What does a typical day as a Project Engineer look like for you?
Lots of meetings 😊. My day is full of interface meetings with the Station contractor, Line wide contractor who are installing rail throughout the tunnel, designers for each discipline and client meetings with Sydney Metro. The aim of these meetings is to coordinate between all parties to ensure a coordinated design and coordinated schedule of site work activities. I also attend site for inspections and to coordinate site activities when required.
In 2050, what do you think Australian transportation will look like?
In 2050, I believe Australian transportation would look like:
A efficient integrated rail network across Australia in all major cities.
A rail network that is inclusive and accessible to everyone.
Integrated wayfinding at all stations to make it easy for customers
New technologies for transport such as automated car and electrical buses
How have you seen young people uniquely contribute to the projects you have worked on?
The team I work with currently consists of hard-working, enthusiastic young people who contribute positively to the industry. I’ve seen graduate engineers and site engineers that work on the project and work through construction related issues on site with a thorough understanding and practical thinking.
Looking back, what advice do you have for graduates or early career professionals getting started in their careers?
Be confident in yourself
Learn from others
Try different roles within the company from design to testing and commissioning for example
Try different projects
Meet lots of people in the company and within the industry through industry events
Finally, what do you do outside of work to relax and have fun?
I enjoy the beach, playing indoor soccer, yoga classes, travelling and socialising with friends and family 😊!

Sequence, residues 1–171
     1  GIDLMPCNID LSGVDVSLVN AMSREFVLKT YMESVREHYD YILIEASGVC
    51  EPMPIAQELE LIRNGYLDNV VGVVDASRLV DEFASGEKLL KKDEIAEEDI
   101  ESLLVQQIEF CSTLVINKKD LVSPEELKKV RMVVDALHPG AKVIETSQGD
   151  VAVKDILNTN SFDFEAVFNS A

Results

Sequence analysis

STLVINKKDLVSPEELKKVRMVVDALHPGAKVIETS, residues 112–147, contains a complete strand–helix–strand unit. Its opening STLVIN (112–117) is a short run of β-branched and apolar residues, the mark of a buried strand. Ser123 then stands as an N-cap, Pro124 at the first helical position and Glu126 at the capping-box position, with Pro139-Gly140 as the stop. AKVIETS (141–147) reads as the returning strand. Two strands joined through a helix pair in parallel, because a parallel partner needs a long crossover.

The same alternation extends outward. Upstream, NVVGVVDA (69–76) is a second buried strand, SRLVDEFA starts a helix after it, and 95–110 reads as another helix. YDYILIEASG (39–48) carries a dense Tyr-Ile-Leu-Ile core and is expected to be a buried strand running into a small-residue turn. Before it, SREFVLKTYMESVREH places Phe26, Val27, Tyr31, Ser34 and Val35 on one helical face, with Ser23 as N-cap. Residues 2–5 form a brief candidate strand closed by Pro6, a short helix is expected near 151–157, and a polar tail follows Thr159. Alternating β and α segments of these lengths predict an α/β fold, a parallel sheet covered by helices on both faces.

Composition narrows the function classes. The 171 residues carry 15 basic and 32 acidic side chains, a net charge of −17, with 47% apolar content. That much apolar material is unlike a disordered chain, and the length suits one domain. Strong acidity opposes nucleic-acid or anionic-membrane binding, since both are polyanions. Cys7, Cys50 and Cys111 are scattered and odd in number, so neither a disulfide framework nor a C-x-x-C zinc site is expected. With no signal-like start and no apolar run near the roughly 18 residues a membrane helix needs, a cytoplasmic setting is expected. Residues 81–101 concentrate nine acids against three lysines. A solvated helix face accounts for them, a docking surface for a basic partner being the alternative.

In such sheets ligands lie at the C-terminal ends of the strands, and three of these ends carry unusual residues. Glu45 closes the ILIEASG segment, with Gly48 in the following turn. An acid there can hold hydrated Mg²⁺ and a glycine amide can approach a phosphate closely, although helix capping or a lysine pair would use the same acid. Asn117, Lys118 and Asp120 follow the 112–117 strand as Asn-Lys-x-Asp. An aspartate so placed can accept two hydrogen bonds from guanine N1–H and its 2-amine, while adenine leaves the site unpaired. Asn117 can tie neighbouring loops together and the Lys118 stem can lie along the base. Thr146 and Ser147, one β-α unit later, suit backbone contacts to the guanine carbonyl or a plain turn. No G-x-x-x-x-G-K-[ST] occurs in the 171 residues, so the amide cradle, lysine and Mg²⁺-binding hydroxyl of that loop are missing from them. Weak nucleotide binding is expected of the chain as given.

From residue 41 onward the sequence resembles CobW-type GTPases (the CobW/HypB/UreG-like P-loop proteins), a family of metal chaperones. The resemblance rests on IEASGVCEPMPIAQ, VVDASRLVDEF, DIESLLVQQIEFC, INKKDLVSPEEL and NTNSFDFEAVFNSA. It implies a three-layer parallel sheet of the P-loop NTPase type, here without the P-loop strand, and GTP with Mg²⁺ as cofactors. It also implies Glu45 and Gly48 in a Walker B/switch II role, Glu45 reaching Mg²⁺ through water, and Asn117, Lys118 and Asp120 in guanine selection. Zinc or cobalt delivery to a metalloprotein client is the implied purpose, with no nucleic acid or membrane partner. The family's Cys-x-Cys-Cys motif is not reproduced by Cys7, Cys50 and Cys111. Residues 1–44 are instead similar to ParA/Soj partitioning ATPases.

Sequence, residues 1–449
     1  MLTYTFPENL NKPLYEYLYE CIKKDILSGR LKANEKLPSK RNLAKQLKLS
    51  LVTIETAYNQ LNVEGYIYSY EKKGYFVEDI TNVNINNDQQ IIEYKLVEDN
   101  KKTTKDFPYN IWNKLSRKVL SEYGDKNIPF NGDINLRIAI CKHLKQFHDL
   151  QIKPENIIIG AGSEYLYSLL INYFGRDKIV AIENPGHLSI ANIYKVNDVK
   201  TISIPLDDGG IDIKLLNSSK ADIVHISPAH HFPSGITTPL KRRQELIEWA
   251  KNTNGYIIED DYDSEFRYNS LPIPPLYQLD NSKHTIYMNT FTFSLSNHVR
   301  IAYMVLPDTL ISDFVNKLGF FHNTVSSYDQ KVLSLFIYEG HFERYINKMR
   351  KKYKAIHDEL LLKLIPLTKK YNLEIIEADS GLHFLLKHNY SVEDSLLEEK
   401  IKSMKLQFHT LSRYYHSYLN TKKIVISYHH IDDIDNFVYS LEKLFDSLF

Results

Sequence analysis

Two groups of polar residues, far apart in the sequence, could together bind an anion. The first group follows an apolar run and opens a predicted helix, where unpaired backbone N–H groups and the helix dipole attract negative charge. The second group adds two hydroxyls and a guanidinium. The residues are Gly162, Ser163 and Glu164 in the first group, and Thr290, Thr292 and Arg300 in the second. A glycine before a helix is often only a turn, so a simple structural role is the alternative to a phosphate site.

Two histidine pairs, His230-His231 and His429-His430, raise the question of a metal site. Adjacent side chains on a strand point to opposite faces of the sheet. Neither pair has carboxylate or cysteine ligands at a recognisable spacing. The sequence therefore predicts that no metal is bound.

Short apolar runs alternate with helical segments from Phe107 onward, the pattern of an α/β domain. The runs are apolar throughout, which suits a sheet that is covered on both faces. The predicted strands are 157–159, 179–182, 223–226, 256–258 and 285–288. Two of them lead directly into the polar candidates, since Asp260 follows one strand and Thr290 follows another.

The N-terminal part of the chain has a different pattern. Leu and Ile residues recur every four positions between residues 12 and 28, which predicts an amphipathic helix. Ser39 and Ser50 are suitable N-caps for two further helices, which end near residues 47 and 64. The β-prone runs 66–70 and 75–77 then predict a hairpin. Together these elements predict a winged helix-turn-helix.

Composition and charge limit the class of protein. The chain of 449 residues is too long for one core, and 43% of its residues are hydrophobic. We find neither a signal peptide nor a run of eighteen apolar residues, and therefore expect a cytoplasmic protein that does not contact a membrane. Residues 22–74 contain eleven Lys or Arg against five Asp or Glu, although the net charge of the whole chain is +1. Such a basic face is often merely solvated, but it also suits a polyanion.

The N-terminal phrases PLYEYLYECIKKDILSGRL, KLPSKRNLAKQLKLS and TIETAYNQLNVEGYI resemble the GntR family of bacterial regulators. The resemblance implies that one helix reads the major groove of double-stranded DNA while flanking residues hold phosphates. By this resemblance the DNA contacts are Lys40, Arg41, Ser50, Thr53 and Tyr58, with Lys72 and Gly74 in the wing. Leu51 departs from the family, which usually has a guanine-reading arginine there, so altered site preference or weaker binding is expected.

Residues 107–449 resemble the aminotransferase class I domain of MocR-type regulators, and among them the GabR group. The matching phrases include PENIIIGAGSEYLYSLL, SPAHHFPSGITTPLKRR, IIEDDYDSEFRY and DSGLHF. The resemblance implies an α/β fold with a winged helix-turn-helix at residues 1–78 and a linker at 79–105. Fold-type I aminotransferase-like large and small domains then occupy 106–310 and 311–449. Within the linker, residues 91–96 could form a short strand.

Get to know a little more about YTP Treasurer Tushar Sen.
Question 1 – How long have you been involved with Young Transport Professionals?
I first came to know about YTP through one of their networking events organised just when I was out of Uni in 2019. I finally mustered the courage to nominate myself for the committee board in 2021 and have been contributing as a treasurer for the team.
Question 2 – What is the most exciting project you have worked on?
I have been working in the major transport industry for the past 3 years now since finishing my master’s in 2019. I have been working with RPV for almost 3 years on the Melbourne Airport Rail. It is the largest single project I have worked on.
Question 3 – What have you enjoyed the most about being on the Young Transport Professionals Committee?
YTP gives me the opportunity to connect with professionals of similar experience in the same sector and learn about the latest trends and project developments being undertaken in Australia. Being on the YTP committee has allowed me to better my skills when I interact with other working professionals in the transport/infrastructure industry. But the learning has gone both ways, I have learnt being part of the committee and the group how to improve my communication skills, on keeping up with the latest techniques and practices followed in other consultancies and company and bring it back to my organisation and create a synergy of data and practices between YTP and my organisation.
Question 4 – What do you do outside of work to relax and have fun?
I like socialising on the weekend and exploring new towns around Victoria. During the weekdays, I go for a run in the morning along the Yarra River and spend my late evenings at the gym doing strength training. I have recently picked up an interest in ancient mythology and have been reading Mahabharat which comes from my own culture.